Some of the oldest satellites are still operational: GOES-13, GOES-14 and GOES-15. GOES-16 replaced GOES-13, which was retired, but could be returned to service if needed. GOES-14 is maintained at an orbital position midway between GOES-East and GOES-West as an on-orbit reserve in case something goes wrong with the primary satellites. GOES-S will replace GOES-15, and GOES-15 will likely be moved to the middle position with GOES-14, although that’s not final, Walsh said.

The fact is that these satellites are still serviceable and NOAA and the Air Force are investigating whether one could meet tactical military requirements. NOAA’s Ajay Mehta said today the two have an agreement to conduct engineering studies. If the studies are favorable, they will formulate another agreement “to actually move the satellite that we decide to meet their needs”. “We are really in the early stages of our relationship with the Air Force,” he added. Mehta is the Acting Deputy Assistant Administrator for Systems at NOAA’s National Environmental Satellite, Data, and Information Service (NESDIS), which oversees NOAA’s weather satellite program.

The DOD continues to struggle to determine its needs for weather satellites and how to meet them. Historically, the DOD and NOAA operated separate military and civilian weather satellite systems in polar orbit. In 1994, the Clinton-Gore administration ordered them to merge their systems into one. The resulting National Polar-orbiting Operational Environmental Satellite System (NPOESS) program was canceled 16 years later by the Obama administration after years of cost overruns and schedule delays and not a single satellite launched. NOAA and the Air Force were ordered to take over separate systems.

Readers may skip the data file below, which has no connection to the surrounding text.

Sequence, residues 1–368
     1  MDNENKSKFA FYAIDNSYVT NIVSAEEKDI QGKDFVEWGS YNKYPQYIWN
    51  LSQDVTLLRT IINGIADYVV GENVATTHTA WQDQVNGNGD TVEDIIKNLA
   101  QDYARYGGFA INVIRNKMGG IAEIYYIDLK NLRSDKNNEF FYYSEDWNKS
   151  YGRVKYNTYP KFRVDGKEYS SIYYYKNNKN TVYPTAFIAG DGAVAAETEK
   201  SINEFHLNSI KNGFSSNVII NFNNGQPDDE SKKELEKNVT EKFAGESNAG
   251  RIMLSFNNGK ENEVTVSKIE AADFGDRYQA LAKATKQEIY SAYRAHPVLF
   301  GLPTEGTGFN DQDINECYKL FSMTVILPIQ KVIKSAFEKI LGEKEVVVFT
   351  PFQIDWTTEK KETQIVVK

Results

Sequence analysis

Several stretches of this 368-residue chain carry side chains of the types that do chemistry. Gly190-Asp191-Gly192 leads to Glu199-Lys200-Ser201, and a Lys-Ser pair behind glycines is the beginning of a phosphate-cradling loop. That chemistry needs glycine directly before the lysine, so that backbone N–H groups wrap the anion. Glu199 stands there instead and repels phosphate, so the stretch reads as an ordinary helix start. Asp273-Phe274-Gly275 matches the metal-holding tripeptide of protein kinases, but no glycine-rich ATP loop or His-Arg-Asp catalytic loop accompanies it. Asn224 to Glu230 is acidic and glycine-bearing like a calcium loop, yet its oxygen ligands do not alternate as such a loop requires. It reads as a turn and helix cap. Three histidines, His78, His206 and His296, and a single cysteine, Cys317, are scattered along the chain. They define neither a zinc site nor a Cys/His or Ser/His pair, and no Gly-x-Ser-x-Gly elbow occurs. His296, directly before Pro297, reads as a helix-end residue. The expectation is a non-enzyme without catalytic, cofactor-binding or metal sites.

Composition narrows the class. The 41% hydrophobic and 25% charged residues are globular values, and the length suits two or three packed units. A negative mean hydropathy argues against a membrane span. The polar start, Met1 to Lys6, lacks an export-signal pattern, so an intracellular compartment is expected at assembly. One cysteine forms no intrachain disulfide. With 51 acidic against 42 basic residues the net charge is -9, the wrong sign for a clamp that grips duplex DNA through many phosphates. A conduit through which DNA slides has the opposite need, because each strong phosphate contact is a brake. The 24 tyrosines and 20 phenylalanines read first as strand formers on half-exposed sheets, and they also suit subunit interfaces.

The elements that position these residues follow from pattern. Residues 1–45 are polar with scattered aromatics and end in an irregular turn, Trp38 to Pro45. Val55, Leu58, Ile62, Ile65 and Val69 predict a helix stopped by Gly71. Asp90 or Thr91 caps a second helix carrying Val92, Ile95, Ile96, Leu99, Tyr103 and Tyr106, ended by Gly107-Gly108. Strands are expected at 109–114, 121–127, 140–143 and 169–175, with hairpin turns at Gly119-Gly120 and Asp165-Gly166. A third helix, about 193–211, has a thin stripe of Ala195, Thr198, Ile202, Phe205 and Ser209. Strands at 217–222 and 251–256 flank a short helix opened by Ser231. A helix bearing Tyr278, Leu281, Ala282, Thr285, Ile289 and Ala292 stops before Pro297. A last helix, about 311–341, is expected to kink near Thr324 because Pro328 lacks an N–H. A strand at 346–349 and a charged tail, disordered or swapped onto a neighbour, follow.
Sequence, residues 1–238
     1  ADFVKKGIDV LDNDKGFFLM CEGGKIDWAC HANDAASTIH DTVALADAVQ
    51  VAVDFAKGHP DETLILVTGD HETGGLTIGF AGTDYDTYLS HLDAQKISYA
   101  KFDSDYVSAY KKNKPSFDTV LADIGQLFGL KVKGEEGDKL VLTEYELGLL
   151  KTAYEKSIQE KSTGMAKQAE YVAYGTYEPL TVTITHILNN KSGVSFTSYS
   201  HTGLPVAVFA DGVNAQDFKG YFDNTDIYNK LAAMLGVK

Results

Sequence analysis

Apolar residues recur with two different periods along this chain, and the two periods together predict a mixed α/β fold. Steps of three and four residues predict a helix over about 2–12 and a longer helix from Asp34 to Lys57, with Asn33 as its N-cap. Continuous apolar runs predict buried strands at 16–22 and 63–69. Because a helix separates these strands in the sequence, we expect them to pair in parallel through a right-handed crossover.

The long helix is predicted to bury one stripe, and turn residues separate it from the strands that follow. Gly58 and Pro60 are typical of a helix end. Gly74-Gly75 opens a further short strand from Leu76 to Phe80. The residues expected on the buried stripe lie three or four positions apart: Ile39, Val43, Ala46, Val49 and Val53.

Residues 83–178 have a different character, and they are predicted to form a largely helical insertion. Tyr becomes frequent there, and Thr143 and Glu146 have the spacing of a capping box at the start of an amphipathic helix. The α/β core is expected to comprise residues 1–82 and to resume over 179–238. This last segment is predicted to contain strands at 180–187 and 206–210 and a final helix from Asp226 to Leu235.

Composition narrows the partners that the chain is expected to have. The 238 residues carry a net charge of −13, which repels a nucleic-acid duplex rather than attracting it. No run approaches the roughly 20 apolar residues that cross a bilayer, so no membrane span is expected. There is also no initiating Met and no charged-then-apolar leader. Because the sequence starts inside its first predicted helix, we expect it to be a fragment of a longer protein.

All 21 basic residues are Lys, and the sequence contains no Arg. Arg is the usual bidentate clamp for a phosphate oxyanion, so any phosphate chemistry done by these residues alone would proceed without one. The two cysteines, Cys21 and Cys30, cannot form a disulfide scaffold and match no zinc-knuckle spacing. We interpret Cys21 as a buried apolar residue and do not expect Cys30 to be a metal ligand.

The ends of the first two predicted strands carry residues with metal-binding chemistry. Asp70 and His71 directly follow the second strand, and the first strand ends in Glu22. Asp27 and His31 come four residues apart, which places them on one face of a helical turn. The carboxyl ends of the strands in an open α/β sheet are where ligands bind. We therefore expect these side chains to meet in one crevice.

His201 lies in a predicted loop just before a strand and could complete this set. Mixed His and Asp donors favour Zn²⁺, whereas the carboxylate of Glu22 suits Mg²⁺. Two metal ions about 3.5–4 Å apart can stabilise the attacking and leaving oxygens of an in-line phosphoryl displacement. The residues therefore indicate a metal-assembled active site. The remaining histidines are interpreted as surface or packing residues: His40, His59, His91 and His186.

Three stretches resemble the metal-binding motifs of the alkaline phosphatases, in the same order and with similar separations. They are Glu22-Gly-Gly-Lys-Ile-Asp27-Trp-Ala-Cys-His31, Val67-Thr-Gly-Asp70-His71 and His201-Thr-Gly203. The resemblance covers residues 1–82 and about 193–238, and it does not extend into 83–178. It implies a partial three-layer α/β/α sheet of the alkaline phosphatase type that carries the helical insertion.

NOAA has moved forward with its Joint Polar Satellite System (JPSS), the first of which was launched last year, and the GOES-R series for GEO. The DOD initially determined that it could handle its legacy Defense Meteorological Satellite Program (DMSP) satellites in polar orbit, supplemented with data from a European geostationary satellite for coverage in the Middle East. However, the DOD did not coordinate enough with NOAA to make this decision and therefore did not realize that the Europeans had decided not to replace the satellite the Air Force expected to use. Then the newest of the DMSP satellites, DMSP-19, failed prematurely. Apparently the DOD is now considering using one of the older NOAA GOES satellites to meet some of its needs.

Launch of GOES-S on a United Launch Alliance Atlas 5 rocket is currently scheduled for March 1, 2018 from Cape Canaveral, Florida. The two-hour launch window opens at 5:02 p.m. Eastern Standard Time (EST). It will air on NASA TV.